Formula for non - active power of capacitors connected in a star?

There is a common question in my coursework that we are asked to :
Let's say we have an inductive 3 - phase load that consumes $$S=15 + j10$$MVA
"If , we connect parallel to this load, 3 capacitors that form a star, compute the capacity of each in order to achieve, unit power factor. " I know, there is a formula that says $$Q_c = \omega*C*V^2$$ but I don't know the proof( we were just given the formula right away) and I am not able to identify if I am using it correctly.
If V, is the polar voltage ("line voltage" I think it is in English), then does this $$Q_c$$ represent the non - active power that the whole star produces?
So, I can say (??): $$C=\frac{Q_c^{3ph}}{\omega V^2}$$
What, would change if those capacitors were connected such as to form a triangle?

If you have phase-to-phase (Vpp) and phase-to-neutral/ground (Vpn) voltages, you may calculate reactive power for three phases in the following way

$$Q_{3ph}=3Q_c=3V_{pn}^2\omega C=3\left(\frac{V_{pp}}{\sqrt3}\right)^2\omega C=V_{pp}^2\omega C$$

By the way, this is the magic of calculating balanced three phase circuits. You draw scheme for just one phase, then pretend you have phase-to-phase voltage instead of phase-to-ground and get three phase powers instead of single phase powers. Very handy. Just remember that currents are square root of 3 times bigger than in reality.

• so , if for example $$V_{pp} = 380V$$ then , $$V_{pn} \approx 220V$$ and $$Q_{3ph}=220^2 * \omega C$$ (for a star connection) am I right ? Feb 7 at 11:28
• but if it was a triangle connection: then we would have $$Q_{3ph}=380^2*\omega*C$$? Feb 7 at 11:29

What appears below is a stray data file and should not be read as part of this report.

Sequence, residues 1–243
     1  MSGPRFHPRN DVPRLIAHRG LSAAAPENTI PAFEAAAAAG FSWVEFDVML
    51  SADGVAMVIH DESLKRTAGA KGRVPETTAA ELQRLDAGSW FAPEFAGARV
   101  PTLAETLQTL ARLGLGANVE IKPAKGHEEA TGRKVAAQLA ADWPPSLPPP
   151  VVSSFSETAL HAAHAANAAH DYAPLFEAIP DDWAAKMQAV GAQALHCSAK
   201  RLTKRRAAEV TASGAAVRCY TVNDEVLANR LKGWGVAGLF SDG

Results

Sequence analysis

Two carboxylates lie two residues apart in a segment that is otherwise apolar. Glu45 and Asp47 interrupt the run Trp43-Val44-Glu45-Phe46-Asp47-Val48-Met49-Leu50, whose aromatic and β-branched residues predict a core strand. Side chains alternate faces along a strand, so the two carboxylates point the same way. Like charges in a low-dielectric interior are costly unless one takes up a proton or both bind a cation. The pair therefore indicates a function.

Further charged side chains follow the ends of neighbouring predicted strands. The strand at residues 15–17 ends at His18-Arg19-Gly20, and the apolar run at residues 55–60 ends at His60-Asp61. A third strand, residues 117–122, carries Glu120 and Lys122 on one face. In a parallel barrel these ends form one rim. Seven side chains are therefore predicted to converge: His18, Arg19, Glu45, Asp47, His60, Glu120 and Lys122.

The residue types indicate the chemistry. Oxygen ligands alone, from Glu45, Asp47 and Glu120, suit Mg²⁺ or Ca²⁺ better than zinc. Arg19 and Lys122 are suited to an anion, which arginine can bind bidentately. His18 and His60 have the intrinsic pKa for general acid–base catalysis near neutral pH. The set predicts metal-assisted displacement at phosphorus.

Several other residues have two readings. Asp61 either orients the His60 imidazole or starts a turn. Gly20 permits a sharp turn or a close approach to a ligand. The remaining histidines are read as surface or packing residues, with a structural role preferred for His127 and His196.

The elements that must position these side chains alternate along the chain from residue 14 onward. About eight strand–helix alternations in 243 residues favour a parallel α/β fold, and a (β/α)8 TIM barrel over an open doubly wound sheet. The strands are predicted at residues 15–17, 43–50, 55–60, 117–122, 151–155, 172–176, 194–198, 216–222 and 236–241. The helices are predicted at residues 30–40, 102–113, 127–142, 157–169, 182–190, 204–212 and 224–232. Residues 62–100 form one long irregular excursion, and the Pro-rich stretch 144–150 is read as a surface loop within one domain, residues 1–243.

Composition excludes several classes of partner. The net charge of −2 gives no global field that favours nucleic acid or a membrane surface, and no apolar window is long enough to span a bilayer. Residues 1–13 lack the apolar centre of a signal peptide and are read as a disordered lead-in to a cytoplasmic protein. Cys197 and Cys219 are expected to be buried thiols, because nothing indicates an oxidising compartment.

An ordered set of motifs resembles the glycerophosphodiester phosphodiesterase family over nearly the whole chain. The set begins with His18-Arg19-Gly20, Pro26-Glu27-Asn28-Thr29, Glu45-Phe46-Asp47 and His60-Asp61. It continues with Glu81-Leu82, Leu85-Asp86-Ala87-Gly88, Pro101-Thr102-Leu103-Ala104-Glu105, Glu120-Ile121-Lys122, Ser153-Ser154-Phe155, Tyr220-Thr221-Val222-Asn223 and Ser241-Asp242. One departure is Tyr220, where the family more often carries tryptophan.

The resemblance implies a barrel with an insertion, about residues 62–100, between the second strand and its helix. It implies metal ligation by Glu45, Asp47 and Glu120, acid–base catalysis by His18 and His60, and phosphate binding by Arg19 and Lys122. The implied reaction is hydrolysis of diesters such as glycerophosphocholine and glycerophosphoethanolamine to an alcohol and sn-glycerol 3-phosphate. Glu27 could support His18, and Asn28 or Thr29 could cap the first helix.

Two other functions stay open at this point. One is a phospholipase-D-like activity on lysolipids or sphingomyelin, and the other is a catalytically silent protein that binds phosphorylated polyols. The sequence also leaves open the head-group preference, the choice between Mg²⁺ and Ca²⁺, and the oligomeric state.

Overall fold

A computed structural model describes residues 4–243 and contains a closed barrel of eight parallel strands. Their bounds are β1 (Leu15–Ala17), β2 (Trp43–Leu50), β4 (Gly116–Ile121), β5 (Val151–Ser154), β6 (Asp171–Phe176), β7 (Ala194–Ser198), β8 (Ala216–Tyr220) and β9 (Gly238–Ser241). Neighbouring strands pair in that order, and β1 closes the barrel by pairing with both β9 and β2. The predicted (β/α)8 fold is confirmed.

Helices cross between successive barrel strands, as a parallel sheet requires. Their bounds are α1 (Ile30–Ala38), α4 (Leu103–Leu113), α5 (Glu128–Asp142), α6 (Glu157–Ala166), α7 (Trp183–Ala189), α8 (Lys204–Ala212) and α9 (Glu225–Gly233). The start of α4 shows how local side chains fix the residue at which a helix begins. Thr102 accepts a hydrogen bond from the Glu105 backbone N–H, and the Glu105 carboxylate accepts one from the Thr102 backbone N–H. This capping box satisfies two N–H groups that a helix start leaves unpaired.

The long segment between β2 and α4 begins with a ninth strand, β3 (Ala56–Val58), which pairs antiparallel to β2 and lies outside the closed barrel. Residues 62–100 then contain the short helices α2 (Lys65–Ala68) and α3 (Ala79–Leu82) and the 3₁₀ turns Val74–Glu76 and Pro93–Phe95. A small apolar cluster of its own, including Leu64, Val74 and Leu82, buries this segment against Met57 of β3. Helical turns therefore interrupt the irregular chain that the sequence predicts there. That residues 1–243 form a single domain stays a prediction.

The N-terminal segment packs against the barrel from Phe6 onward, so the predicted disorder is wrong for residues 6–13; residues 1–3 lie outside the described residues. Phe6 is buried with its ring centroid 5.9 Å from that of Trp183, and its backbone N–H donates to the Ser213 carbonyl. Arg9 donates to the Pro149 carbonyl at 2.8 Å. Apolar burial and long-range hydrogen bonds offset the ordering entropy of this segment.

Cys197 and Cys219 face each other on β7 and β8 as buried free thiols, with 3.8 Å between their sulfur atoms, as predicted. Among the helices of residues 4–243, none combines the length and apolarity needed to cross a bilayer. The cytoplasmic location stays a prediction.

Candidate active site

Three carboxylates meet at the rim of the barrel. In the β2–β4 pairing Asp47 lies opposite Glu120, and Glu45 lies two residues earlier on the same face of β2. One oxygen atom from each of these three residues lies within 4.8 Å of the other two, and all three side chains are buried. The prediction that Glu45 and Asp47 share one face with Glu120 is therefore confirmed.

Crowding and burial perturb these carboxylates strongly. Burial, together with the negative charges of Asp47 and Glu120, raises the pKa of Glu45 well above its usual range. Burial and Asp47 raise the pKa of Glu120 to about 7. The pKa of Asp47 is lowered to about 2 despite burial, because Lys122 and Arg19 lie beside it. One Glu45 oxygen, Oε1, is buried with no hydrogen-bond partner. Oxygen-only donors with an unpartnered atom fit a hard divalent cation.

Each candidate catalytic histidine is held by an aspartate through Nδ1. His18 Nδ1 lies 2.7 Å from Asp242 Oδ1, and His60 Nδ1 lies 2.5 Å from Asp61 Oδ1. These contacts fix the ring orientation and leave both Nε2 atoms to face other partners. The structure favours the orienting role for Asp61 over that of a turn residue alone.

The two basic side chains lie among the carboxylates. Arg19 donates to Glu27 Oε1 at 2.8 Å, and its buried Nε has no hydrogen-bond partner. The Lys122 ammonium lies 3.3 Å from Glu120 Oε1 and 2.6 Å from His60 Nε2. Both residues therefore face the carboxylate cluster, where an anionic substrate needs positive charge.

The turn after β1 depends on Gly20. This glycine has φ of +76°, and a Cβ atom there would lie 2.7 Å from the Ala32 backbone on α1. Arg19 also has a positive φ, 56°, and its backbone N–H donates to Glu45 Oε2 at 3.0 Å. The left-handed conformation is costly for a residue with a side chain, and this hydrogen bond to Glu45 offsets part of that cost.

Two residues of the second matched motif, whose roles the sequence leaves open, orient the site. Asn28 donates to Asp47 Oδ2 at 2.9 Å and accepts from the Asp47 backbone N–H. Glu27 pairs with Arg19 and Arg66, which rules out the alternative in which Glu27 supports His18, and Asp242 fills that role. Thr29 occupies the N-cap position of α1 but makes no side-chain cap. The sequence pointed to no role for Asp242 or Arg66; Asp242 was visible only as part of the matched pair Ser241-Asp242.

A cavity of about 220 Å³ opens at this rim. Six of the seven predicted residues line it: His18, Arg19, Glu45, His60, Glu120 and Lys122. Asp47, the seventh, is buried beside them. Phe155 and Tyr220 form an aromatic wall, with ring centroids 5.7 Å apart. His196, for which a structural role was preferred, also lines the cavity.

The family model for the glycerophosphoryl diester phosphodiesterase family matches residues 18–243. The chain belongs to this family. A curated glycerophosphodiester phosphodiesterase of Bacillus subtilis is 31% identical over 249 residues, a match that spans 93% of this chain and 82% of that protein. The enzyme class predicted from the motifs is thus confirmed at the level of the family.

• @brucebanner My formulae are for star connection. So $Q_{3phy}=380^2\omega C$ or $Q_{3phy}=3*220^2\omega C$ if you like. For delta connection sum three capacitors at Vpp voltage, thus $Q_{3ph\Delta}=3*380^2\omega C$ Feb 7 at 11:52

I don't know the proof( we were just given the formula right away) and I am not able to identify if I am using it correctly.

$$\Q_c=ω∗C∗V^2\$$ is the reactive power (Q) of a capacitor (C) connected across an AC voltage source (V). It's related to real power in a resistor ($$\P = \frac{V^2}{R}\$$) but, because we know the reactance of a capacitor is $$\\frac{1}{ωC}\$$, the reactive power formula becomes as you show it.

does Qc represent the non - active power that the whole star produces?

No, it's the single phase reactive power of a capacitor across a voltage source. If you have three capacitors in star formation and you only have the line voltage then, the reactive power for each of those capacitors is found using $$\\frac{V}{\sqrt3}\$$.

In fact you might as well convert your first formula to a single phase apparent power by dividing it by 3 then solving as a single phase problem.